We have discussed before the effect of a phase offset on the received signal. We have also seen a logical approach to solve this problem as well as one of the earliest algorithms for phase synchronization known as a Costas loop. Here, the purpose is to explain how a Rx detects whether the Phase Locked Loop (PLL) has acquired the lock. A receiver is simply a blind machine which can implement a PLL but can never get to know how it is actually doing. A lock detector is a logic signal used in the Rx to indicate successful synchronization after

Continue reading# Tag: Quadrature Phase Shift Keying (QPSK)

## Computing Error Rates

Having built a simple digital communication system, it is necessary to know how to measure its performance. As the names say, Symbol Error Rate (SER) and Bit Error Rate (BER) are the probabilities of receiving a symbol and bit in error, respectively. SER and BER can be approximated through simulating a complete digital communication system involving a large number of bits and comparing the ratio of symbols or bits received in error to the total number of bits. Hence, \begin{equation}\label{eqCommSystemSER} \text{SER} = \frac{\text{No. of symbols in error}}{\text{Total no. of transmitted symbols}} \end{equation} and \begin{equation}\label{eqCommSystemBER} \text{BER} = \frac{\text{No. of bits in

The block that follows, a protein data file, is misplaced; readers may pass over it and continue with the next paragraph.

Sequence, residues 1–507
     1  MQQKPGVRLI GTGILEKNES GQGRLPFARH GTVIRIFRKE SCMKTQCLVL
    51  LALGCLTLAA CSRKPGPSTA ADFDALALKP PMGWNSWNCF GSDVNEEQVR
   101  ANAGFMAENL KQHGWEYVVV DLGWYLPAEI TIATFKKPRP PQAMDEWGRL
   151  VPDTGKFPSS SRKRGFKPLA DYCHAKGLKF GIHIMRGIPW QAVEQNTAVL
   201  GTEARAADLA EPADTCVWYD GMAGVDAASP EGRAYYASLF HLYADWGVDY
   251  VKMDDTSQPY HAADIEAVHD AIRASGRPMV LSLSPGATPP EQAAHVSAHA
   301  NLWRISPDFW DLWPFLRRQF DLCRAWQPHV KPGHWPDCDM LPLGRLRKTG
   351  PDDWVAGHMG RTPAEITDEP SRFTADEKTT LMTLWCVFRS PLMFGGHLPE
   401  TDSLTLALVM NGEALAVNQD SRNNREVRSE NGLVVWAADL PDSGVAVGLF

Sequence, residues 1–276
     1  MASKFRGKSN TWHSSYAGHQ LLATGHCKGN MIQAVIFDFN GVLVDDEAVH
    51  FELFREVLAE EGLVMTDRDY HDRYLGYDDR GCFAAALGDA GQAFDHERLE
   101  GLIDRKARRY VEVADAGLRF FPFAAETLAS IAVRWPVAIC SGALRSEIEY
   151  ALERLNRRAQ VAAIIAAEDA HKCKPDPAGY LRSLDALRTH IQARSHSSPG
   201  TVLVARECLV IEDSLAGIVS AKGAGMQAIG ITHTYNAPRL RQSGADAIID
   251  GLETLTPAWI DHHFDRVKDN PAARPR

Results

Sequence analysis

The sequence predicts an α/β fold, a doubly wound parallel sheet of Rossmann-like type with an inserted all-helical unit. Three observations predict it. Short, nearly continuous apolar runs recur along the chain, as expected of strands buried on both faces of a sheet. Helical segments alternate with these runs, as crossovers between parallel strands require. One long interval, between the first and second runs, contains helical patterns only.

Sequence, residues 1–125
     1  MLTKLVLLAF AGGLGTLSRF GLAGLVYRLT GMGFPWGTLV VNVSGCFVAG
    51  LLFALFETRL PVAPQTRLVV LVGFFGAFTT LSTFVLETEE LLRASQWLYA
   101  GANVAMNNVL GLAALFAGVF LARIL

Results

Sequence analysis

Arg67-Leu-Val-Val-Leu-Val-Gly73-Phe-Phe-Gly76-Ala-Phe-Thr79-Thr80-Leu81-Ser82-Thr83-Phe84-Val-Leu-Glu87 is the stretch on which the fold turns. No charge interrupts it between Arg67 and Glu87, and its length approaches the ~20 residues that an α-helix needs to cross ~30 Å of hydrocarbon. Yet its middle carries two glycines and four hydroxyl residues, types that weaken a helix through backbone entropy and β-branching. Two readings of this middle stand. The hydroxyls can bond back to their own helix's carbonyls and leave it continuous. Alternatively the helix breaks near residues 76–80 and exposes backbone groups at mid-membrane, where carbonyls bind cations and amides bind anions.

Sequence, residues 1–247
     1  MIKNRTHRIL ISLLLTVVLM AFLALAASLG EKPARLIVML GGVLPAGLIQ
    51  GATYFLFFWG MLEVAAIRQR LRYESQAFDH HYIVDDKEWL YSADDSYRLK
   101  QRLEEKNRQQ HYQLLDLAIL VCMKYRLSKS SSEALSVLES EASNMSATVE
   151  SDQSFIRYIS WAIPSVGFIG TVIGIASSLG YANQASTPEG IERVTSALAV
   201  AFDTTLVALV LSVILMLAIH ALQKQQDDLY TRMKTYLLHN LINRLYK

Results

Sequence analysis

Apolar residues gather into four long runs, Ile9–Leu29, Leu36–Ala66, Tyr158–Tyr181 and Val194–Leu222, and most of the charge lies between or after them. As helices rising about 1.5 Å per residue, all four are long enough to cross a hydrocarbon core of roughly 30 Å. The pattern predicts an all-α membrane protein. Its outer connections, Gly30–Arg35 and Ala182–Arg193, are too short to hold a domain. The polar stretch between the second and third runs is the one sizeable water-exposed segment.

Continue reading## How a Frequency Locked Loop (FLL) Works

We saw before how a carrier frequency offset distorts the received signal. Later, we also described the classification of frequency synchronization techniques according to the availability of the symbol timing. Today, we will learn about the workings of a frequency locked loop. Background A Phase Locked Loop (PLL) is a device used to synchronize a periodic waveform with a reference periodic waveform. It is an automatic control system in which the phase of the output signal is locked to the phase of the input reference signal. In the article referred above, we also discussed that for a very small frequency

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